As demonstrated with AZT monotherapy, HIV positive individuals can develop drug resistance more quickly as compared to those individuals taking many types of antiretroviral drugs simultaneously. Multiple drugs targeting reverse transcriptase and protease make it more difficult for HIV to develop resistance. Of course, the disadvantage would be that multidrug-resistant strains of HIV develop over time.

     

Suggested hypotheses:

Students should propose ideas related to the development of mutation in protease over time that would decrease the affinity of the protease inhibitor yet still ensuring the enzyme works. Thus the active amino acids between 25 and 27 would be conserved over time, but other amino acids involved in binding ritonavir would change over time.

Analysis questions:

Sample alignment:
https://static-content.springer.com/image/art%3A10.1007%2Fs12052-007-0024-5/MediaObjects/12052_2007_24_Figa_HTML.gif
  1. 1.
    What are your observations and conclusions from the sequence alignment data? Why would some amino acids be conserved and others change over time? Do the data support or refute your propose hypotheses?

    Thinking back to the important amino acids in the active site, positions 25–27 (Asp–Thr–Gly) are conserved throughout the entire sampling time. These positions are conserved, as these are the important amino acids involved in the enzyme's function as an aspartyl protease. However, amino acid 82 does change over time suggesting that this amino acid is involved in the binding of the inhibitor, ritonavir. Thus position 82 changes over time, providing evidence of drug resistance. By day 399, ritonavir may not bind to protease as efficiently because of changes at position 82 (and probably position 54 and 71), but the enzyme is still active because of the conservation of amino acids 25–27.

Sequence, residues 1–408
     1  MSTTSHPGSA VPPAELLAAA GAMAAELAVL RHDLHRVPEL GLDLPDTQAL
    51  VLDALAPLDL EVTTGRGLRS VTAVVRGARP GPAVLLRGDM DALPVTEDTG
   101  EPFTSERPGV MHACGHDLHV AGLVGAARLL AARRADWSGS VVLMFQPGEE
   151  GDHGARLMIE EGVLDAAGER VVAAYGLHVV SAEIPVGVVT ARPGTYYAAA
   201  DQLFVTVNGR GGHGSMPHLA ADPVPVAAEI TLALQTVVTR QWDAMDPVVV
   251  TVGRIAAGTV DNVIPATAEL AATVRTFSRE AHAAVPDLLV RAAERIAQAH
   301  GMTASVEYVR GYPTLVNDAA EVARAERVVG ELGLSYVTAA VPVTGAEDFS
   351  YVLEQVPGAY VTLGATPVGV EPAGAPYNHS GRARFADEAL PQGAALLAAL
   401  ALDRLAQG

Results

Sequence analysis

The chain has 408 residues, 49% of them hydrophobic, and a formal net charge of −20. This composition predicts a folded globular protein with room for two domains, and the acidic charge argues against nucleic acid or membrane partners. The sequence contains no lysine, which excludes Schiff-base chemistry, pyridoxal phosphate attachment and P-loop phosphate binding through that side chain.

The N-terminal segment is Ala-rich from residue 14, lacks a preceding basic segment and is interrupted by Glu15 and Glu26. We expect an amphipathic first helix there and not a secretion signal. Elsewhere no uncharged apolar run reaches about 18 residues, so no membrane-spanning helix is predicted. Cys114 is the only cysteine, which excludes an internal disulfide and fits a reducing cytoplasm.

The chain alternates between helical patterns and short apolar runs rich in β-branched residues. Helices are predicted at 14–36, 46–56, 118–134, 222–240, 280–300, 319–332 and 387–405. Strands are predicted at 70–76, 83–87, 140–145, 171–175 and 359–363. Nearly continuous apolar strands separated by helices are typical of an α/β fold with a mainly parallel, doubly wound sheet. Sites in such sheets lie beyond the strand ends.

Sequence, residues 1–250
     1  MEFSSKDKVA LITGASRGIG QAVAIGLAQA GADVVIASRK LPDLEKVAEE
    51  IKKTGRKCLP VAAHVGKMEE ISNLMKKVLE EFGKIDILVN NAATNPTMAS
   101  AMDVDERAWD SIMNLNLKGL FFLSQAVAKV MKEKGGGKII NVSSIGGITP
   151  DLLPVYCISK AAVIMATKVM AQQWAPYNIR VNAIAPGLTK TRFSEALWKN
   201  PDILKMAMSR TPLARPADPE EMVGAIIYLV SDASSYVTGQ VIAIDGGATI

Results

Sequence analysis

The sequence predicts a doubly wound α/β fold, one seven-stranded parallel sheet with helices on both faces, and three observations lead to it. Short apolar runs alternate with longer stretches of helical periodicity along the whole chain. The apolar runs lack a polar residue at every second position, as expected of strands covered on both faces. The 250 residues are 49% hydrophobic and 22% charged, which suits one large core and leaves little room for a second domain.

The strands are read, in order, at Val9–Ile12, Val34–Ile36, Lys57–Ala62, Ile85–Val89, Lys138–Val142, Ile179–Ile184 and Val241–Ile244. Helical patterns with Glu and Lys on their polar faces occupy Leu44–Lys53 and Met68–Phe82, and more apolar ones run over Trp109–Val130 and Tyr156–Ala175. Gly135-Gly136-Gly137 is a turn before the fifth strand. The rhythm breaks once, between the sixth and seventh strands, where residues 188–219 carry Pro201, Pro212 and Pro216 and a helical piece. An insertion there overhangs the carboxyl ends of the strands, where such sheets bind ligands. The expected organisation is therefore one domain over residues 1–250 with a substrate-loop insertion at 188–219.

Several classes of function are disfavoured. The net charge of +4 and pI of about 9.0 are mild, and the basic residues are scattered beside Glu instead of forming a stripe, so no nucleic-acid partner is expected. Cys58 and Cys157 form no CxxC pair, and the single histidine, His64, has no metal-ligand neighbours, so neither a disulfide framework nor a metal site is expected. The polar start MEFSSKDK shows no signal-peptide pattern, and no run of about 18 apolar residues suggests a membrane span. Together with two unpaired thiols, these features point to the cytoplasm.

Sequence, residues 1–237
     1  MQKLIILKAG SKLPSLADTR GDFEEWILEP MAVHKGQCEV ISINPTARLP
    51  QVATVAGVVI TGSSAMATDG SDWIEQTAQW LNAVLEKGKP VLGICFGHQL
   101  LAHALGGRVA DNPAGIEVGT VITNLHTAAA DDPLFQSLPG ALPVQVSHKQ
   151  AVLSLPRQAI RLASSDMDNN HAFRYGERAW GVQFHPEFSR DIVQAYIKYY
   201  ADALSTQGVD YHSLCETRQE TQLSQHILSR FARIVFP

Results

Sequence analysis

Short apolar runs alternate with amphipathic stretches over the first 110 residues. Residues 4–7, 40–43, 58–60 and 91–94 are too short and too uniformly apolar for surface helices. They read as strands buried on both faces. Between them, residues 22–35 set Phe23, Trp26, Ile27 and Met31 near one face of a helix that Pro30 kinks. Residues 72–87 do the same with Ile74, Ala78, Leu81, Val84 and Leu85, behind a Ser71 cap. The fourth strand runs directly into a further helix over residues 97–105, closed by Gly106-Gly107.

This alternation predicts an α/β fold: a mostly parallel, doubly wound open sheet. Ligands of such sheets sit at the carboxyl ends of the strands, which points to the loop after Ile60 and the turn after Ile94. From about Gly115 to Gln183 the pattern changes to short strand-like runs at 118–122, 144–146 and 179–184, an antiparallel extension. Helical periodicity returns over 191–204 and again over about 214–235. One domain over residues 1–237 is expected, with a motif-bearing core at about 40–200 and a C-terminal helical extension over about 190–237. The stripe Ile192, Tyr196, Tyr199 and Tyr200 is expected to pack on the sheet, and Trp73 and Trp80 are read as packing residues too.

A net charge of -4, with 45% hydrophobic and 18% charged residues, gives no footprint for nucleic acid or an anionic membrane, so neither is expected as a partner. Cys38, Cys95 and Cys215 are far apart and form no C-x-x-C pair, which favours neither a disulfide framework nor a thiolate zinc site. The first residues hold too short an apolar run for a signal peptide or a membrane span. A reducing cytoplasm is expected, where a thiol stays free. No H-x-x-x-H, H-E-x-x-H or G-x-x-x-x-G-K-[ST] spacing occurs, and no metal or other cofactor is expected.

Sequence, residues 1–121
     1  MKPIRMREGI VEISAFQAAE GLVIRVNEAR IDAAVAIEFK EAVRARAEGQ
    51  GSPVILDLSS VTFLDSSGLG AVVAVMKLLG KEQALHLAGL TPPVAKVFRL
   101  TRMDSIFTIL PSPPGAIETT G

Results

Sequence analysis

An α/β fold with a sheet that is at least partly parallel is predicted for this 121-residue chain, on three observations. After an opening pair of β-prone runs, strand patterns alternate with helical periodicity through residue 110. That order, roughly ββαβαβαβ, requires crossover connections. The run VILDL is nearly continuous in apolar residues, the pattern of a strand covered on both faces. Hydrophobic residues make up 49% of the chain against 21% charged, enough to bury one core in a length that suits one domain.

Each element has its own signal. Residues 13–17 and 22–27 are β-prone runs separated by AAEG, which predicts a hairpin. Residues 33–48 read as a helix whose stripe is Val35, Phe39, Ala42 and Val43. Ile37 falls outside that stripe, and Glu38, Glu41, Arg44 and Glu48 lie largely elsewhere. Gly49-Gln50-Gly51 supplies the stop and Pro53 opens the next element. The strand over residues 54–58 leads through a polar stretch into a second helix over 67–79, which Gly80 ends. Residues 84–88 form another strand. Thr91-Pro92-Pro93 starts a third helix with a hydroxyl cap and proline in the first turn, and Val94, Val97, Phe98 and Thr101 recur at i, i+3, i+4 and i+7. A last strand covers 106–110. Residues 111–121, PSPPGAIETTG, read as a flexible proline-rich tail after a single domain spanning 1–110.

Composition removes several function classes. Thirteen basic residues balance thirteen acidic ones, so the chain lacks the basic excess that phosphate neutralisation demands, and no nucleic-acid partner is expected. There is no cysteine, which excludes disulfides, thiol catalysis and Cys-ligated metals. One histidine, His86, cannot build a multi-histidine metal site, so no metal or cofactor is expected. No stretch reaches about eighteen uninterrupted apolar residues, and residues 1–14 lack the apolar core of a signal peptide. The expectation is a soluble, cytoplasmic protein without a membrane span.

2. 2.
    What are the advantages and disadvantages of inhibiting protease function? Why would inhibiting integrase be considered a more effective approach to block HIV replication?

    The advantages would be that inhibiting protease blocks the cycle of HIV replication. Developing specific inhibitors just for HIV protease would directly target this enzyme and stop its function and production of new HIV virions. This would decrease the amount of virus in the host. The disadvantage is that protease is similar to other human protease enzymes. Thus, taking inhibitors commonly results in side effects caused by inhibiting other human enzymes needed for normal functioning. Inhibiting integrase would be considered more effective, as it would prevent the integration of HIV into the host's genome. Preventing integrase activity would lead to a decrease in chronic HIV infections.

     
  3. 3.
    If you are a researcher investigating HIV, propose two additional molecular approaches to inhibit HIV replication and infection.

    Inhibiting any of the three HIV enzymes would be key targets. Inhibiting the binding of HIV to the host immune cell is also another approach. These approaches would block the envelope protein (gp120), CD4, and the two coreceptors, CCR5 and CXCR4. Other approaches would include prevention via a vaccine. Vaccines based on gp120 and other HIV antigens are being investigated.

    https://static-content.springer.com/image/art%3A10.1007%2Fs12052-007-0024-5/MediaObjects/12052_2007_24_Figb_HTML.gif
    https://static-content.springer.com/image/art%3A10.1007%2Fs12052-007-0024-5/MediaObjects/12052_2007_24_Figc_HTML.gif
     

Declarations

Acknowledgements

This work was supported by the Seeding Postdoctoral Innovators in Research and Education (SPIRE) program, grant K12GM000678 from the National Institute of General Medical Sciences, a division of the National Institutes of Health.

Authors’ Affiliations

(1)
University of North Carolina at Chapel Hill

References

  1. Boden D, Markowitz M. Resistance to human immunodeficiency virus type 1 protease inhibitors. Antimicrob Agents Chemother 1998;42(11):2775–83.PubMed CentralPubMedGoogle Scholar
  2. Resch W, Parkin N, Watkins T, Harris J, Swanstrom R. Evolution of human immunodeficiency virus type 1 protease genotypes and phenotypes in vivo under selective pressure of the protease inhibitor ritonavir. J Virol 2005;79(16):10638–49.PubMed CentralView ArticlePubMedGoogle Scholar

Copyright

© Springer Science+Business Media, LLC 2008